Wednesday, October 12, 2016
Did You Know? An A & P licensed aircraft mechanic makes more money than a Junior Pilot
An aircraft mechanic with an A&P license makes more money than a junior pilot.
An A&P license, which is an abbreviation for Airframe and Power plant license, is issued to technicians who have the proper training and meet all the requirements set by the Federal Aviation Administration. Once certified, an A&P mechanic can perform routine and complex aircraft inspections and repairs that ensure aircraft are properly maintained and in peak condition.
In 2013 there were an estimated 20,000 airplanes on the planet. In the next 20 years, that number will quickly climb to 35,000. Each airplane must be inspected and all maintenance must be done by a certified aircraft mechanic. In general aviation, there is the annual or 100-hour inspection. Repairs can only be done by an aircraft mechanic. The number of mechanics required to maintain all of these airplanes, several times a year or constantly, cannot be counted. Just as the number of pilots retiring is leading to a pilot shortage, there is the same need for aircraft mechanics. To be certified by the FAA to actually work on an airplane, the mechanic must be A&P certified.
This highly sought after skill requires a few years of study, often completed through a two-year course or an Associate’s Degree. Many in the business start with military aviation, which is excellent paid-for training. Not every mechanic can become an airplane mechanic, but every A&P licensed aircraft mechanic can choose the best positions in almost any field requiring maintenance. That certification is highly sought after, and those who earn it receive respectable pay. A certified mechanic can expect to earn $30,000+ starting pay and quickly increase to $45,000. More senior Airline Mechanics can expect $24/hour to $80,000+ per year. This line of work is hourly based and is often subject to increased hourly pay through overtime. A junior pilot at a regional airline, after years of training, building up of hours, and completion of certificates, may begin at $22,000, with a slow climb to $50,000.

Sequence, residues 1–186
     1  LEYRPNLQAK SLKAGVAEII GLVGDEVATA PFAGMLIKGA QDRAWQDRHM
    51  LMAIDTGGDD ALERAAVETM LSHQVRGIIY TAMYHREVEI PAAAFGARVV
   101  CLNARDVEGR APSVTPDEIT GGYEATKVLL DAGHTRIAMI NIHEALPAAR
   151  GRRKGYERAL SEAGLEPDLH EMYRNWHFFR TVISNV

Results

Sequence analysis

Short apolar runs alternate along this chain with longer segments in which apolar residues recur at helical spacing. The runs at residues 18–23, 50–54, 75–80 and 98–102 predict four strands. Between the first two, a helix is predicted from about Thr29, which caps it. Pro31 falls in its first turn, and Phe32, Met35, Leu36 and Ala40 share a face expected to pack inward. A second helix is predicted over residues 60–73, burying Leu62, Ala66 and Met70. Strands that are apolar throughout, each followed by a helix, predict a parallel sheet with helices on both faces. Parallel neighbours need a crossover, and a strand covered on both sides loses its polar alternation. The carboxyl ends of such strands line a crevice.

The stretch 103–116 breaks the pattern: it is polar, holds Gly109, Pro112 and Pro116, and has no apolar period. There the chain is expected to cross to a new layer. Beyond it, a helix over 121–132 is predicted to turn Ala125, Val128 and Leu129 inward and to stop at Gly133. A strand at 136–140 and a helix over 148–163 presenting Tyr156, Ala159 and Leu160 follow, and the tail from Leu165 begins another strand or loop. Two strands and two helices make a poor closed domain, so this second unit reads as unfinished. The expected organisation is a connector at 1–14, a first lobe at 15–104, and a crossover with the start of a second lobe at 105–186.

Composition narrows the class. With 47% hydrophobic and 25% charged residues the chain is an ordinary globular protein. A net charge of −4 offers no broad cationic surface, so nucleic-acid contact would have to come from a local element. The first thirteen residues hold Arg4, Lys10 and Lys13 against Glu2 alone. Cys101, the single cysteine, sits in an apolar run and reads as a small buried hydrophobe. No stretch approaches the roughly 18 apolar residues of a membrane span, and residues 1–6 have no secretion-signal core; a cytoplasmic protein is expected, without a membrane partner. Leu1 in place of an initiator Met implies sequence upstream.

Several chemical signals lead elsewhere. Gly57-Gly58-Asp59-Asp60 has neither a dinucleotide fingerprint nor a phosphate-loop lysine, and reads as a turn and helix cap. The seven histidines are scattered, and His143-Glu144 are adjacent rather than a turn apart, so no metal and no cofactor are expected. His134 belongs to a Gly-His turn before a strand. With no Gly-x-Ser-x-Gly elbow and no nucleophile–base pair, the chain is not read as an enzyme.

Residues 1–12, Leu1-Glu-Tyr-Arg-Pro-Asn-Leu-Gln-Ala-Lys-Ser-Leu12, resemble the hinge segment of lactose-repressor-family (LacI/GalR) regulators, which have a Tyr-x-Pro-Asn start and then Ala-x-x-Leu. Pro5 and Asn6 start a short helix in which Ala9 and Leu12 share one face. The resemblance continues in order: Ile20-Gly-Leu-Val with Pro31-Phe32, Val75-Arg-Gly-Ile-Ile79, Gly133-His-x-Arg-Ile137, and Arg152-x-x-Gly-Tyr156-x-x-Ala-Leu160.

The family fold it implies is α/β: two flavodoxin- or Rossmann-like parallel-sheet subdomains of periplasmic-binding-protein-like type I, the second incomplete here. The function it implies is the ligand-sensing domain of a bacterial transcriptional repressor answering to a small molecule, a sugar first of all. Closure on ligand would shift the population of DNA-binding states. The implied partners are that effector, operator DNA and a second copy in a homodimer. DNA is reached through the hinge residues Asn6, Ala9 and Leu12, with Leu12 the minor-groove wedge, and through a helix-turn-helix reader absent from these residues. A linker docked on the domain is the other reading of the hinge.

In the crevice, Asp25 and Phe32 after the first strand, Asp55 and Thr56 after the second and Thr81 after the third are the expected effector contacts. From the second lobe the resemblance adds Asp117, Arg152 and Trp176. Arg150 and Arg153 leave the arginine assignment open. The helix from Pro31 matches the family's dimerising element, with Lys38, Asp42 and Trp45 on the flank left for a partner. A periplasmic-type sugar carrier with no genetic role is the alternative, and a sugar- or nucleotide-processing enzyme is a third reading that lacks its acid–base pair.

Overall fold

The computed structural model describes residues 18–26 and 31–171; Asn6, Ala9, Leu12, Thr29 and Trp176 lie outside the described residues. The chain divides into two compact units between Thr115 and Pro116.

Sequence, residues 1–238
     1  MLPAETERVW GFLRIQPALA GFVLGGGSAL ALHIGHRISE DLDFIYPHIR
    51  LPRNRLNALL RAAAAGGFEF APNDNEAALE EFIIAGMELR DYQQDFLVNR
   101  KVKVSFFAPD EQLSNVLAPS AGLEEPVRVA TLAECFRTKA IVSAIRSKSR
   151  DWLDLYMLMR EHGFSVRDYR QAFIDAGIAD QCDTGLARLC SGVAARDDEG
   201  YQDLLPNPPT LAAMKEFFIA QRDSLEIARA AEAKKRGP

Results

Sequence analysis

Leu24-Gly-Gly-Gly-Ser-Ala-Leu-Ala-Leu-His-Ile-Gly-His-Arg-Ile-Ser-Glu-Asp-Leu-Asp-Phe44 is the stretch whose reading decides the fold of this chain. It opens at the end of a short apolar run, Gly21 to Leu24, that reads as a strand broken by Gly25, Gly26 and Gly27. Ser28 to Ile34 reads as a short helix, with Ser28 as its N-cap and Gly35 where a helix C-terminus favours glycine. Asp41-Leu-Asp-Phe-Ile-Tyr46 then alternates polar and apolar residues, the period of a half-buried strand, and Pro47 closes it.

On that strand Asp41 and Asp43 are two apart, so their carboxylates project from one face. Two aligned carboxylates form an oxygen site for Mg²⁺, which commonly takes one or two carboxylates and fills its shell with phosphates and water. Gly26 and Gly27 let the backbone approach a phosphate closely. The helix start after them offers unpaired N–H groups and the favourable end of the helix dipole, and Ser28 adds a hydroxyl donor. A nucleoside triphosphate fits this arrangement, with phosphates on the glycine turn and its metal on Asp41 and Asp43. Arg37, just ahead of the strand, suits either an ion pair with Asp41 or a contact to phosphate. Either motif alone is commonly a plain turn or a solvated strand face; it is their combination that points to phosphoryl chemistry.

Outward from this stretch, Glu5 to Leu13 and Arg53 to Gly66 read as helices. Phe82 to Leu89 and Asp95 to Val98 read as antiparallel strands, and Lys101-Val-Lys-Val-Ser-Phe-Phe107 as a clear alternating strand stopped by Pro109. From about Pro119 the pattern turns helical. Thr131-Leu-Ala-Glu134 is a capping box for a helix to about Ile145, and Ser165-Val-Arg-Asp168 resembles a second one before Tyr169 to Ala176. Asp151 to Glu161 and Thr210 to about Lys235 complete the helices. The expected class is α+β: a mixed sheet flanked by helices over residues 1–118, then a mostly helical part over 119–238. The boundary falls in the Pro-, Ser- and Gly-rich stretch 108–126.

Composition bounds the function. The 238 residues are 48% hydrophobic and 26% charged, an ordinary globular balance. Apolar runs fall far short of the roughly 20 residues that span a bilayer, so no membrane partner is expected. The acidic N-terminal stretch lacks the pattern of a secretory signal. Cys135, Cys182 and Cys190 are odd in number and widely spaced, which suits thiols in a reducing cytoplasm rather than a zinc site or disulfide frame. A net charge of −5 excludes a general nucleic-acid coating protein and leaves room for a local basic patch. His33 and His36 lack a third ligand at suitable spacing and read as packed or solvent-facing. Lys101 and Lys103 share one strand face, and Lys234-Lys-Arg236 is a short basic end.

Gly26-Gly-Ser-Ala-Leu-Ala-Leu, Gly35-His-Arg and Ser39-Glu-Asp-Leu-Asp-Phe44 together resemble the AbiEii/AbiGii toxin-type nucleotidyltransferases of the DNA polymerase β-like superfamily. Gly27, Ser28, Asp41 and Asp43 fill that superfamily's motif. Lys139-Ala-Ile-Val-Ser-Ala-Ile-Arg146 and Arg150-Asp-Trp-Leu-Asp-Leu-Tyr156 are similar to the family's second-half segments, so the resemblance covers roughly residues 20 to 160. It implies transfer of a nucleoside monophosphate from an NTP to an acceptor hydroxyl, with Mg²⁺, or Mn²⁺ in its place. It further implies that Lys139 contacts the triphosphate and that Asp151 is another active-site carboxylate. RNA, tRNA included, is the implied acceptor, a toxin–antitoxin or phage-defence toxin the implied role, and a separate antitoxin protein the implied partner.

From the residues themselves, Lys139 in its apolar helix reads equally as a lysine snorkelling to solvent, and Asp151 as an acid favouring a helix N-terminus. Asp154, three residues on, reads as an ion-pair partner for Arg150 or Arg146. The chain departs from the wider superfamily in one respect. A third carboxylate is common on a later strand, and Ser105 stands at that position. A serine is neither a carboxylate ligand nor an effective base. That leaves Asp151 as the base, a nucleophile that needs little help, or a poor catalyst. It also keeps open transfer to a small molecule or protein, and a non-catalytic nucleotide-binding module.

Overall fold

Aircraft mechanics quickly take on supervisory positions, as all types of training are closely supervised and signed completion inspections are required every step of the way. A mechanic who holds an A&P license is certified to inspect, perform, and supervise maintenance on aircraft and their systems. A&P mechanics work on all parts of the aircraft except for the instruments. An A&P mechanic is certified for both commercial and private aircraft.
Before you take on the job of Aircraft Mechanic, check your integrity. Passengers depend on it. Any lapse in judgment or work ethic will cause problems for your reputation, your fellow mechanics and the traveling public that depend on you. This is one industry in which quality control and safety are top priority. Redundant checks and balances support a safer environment.
The mechanic skill set can prove to be a quality, satisfying job for the worker and their family. Because they are highly sought after, you can choose to live anywhere, and you will find a position available. Also, there are many industries outside of aviation that will hire someone with their A&P such as industrial turbines or wind power.
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